Amazon says it pays women and men equally

Commerce secretary: Women entrepreneurs need access to capital
Commerce secretary: Women entrepreneurs need access to capital

At Amazon, women earn just about the same amount of money as men do. The same goes for minorities and whites.

In a survey of its staff, Amazon (AMZN) found that women made 99.9% of men's earnings in equivalent positions last year. Minorities even made slightly more than whites, taking home 100.1% of what Caucasians earned.

"There will naturally be slight fluctuations from year to year, but at Amazon we are committed to keeping compensation fair and equitable," an Amazon spokesman said in a statement.

The survey was the result of a proposal from Arjuna Capital, an activist shareholder that's part of Boston-based Baldwin Brothers investment company.

Arjuna successfully lobbied Amazon to cough up its pay disparity data. Amazon had initially petitioned the Securities and Exchange Commission to withhold that information, but the SEC turned down Amazon's request earlier in the month.

As a result, Amazon released the survey results, preempting Arjuna's shareholder proposal. Arjuna is in the process of withdrawing its proposal.

"After an initially defensive response, Amazon is stepping up to the plate and making a public commitment to gender pay equity," said Natasha Lamb, director of equity research and shareholder engagement at Arjuna Capital. "It's good for the company, it's good for employees, and it's good for shareholders."

Arjuna says its mission is to "advance the understanding of what sustainability means for investor returns and corporate profitability." It pushes companies to believe that equal pay and environmentally friendly policies are good business.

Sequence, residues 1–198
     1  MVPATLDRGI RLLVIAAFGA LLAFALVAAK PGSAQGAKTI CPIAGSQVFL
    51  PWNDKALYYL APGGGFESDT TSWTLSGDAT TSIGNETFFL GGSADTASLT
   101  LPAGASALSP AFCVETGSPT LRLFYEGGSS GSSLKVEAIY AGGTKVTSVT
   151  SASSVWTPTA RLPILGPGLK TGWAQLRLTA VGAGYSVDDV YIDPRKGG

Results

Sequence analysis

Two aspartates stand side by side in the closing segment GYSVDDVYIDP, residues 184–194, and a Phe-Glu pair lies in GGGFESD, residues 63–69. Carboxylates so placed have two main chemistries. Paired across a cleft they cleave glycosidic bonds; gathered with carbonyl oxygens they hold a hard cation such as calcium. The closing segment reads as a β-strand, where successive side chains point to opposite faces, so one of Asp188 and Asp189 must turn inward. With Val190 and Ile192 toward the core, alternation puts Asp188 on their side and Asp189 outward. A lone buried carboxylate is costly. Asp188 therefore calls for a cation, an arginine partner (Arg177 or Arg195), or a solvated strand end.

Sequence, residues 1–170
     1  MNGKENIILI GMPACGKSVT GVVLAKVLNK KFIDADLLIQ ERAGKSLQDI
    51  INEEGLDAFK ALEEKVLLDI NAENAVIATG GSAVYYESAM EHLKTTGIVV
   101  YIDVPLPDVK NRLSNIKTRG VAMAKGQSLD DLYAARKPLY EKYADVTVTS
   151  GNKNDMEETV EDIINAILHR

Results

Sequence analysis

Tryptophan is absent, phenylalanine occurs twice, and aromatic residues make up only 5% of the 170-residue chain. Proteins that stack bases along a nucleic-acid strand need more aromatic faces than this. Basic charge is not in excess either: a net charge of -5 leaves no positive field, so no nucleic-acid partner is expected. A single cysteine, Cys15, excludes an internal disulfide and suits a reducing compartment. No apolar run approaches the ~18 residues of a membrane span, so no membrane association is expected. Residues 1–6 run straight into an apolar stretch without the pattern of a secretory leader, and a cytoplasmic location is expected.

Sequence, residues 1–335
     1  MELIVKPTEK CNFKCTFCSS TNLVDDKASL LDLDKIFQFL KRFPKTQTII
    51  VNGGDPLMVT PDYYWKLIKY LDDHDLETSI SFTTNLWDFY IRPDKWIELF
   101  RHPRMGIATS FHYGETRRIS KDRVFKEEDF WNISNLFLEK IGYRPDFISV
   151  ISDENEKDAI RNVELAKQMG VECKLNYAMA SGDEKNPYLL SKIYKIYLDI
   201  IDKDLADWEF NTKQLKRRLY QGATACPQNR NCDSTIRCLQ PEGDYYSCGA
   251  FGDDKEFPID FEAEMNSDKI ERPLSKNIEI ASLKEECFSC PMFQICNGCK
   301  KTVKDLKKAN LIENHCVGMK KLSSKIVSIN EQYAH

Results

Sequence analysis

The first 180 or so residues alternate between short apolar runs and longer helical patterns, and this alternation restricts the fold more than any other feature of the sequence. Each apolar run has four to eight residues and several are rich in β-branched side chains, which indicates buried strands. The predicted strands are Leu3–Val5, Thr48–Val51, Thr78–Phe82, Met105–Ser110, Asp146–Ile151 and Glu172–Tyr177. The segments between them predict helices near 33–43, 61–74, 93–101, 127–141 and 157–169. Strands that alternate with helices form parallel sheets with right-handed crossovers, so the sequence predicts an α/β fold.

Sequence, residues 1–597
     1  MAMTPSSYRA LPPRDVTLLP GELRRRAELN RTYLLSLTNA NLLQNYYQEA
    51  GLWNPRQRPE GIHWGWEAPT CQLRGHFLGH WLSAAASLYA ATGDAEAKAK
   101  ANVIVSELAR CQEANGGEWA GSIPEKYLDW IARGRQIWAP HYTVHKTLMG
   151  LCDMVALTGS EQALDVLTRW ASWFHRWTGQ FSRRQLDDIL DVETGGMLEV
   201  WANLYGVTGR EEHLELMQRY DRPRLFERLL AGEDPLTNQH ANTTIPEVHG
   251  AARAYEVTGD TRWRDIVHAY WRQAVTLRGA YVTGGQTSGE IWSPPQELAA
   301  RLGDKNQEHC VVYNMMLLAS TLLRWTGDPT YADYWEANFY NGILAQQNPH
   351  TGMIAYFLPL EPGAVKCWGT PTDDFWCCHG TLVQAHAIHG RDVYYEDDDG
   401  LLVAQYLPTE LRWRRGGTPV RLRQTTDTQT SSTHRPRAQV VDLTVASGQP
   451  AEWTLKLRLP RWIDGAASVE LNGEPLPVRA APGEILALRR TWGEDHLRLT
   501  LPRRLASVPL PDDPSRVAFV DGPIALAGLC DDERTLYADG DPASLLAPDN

Related: Yes, men earn more than women

Amazon is the latest in a string of recent victories for Lamb and Arjuna.

On Thursday, Arjuna announced that it successfully got Expedia (EXPE) to disclose its policies and goals to address the gender pay gap. Expedia will also disclose its pay disparity information by October 2016.

Apple (AAPL) and Intel (INTC) agreed to Arjuna's demands last year to commit to pay parity.

"What we know is that a 'trust me, women are paid fairly' approach is not enough, and a defensive approach to gender pay equity will not solve the problem," Lamb said.

Eventually, companies will have to start disclosing this information anyway. In January, President Obama ordered the Equal Employment Opportunity Commission to begin collecting companies' pay data, broken down by sex, ethnicity and race.

Nationally, women earn just 79% of what men take home.

Arjuna also scored wins against Exxon (XOM) and Chevron (CVX), after the SEC rejected the oil companies' attempts to exclude Arjuna's climate change shareholder proposals.

CNNMoney Sponsors